While the Purcell family received a diagnosis relatively quickly, many children and adults can spend years enduring test after test to eventually discover that a rare disease is at the root of their suffering. Dr. Lynd calls that lengthy journey a “diagnostic odyssey”.
In the CAUSES Study, in collaboration with Drs. Jan Friedman and Alison Elliott at BC Children’s Hospital, Dr. Lynd and his team did an evaluation performing whole genome sequencing in children who appear to have an undiagnosed genetic disorder. The team then estimated the cost difference of doing early whole genome sequencing compared to the cost of the diagnostic odyssey, which include both medical costs and those related to travel, caregiving, and work loss.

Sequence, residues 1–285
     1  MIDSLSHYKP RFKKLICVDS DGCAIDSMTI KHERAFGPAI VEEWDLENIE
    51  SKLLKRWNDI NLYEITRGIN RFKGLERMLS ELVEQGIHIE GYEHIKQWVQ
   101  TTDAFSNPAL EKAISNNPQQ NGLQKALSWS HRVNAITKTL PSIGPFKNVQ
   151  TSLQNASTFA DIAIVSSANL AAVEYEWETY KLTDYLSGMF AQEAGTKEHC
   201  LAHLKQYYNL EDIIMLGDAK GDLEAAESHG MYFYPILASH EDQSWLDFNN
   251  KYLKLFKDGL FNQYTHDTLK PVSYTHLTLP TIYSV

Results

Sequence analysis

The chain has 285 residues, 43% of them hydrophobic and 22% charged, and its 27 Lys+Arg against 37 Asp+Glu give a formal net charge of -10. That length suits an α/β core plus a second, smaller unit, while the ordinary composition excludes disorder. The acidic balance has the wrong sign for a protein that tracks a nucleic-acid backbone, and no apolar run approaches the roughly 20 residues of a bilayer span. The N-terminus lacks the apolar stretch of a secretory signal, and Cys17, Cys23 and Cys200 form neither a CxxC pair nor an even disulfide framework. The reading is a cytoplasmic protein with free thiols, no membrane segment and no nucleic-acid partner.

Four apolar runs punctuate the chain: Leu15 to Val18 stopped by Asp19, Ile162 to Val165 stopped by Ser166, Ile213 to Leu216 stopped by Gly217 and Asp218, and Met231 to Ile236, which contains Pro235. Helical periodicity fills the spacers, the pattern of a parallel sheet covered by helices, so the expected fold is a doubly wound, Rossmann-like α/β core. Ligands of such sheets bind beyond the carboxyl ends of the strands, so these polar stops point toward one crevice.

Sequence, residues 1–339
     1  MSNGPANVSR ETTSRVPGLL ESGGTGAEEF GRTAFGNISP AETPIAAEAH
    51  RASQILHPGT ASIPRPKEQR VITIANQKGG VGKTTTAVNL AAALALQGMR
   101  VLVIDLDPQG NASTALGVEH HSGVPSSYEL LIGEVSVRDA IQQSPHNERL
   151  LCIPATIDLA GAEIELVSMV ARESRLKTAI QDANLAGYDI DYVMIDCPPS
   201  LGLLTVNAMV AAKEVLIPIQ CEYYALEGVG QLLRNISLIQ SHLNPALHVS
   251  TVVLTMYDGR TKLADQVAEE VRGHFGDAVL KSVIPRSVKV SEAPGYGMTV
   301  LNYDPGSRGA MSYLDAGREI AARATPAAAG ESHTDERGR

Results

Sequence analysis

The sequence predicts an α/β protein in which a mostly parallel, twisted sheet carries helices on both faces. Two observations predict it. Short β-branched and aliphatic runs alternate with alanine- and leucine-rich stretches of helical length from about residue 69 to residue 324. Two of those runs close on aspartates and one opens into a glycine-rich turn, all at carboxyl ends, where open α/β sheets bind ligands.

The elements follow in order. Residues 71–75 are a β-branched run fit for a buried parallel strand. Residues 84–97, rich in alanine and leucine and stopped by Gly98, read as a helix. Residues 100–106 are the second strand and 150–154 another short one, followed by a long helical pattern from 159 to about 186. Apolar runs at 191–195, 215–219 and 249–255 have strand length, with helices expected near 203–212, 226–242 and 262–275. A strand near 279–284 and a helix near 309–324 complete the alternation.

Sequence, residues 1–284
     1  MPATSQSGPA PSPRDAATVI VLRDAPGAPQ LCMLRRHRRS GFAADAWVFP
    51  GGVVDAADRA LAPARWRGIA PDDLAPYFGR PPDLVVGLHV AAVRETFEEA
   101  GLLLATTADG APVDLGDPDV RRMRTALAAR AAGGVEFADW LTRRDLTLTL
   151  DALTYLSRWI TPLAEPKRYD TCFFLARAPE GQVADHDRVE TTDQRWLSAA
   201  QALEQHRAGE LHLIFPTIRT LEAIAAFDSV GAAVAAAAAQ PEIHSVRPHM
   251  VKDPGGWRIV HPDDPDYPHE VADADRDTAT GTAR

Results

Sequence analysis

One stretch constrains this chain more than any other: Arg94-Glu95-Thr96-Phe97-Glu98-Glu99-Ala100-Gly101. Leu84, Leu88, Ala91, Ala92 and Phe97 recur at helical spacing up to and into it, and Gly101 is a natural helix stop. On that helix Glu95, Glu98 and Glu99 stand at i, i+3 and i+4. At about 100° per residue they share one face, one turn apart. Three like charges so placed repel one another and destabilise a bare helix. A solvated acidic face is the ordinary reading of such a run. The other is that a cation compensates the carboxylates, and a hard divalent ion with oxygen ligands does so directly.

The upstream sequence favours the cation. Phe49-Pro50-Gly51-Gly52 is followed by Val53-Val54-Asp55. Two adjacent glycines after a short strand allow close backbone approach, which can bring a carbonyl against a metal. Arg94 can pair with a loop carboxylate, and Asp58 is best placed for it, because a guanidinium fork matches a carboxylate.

“We found a genetic diagnosis in about half of the kids. Avoiding these 5-, 10-, or 15-year diagnostic odysseys by using whole genome sequencing as a first-line test would actually save money for the health care system, and for families,” said Dr. Lynd “Historically, whole genome sequencing hasn’t been used in this way and our research shows that even though it is expensive, it is actually more efficient in some patients.”
A diagnosis is vital
Even if there isn’t a treatment for the disease, a diagnosis can get families access to other programs, services, and funding, as well more effective treatment to help with symptoms, he added.
Dr. Lynd is now looking at the clinical implementation of genome-wide sequencing in adults and the potential impact of this approach as the Health Economics Lead for the GAPP Study.
But while early whole genome testing seems like an easy win, he adds one of the biggest issues facing many countries is access to genetic services. He says the current wait time for a genetic counsellor or geneticists in BC can be more than two years.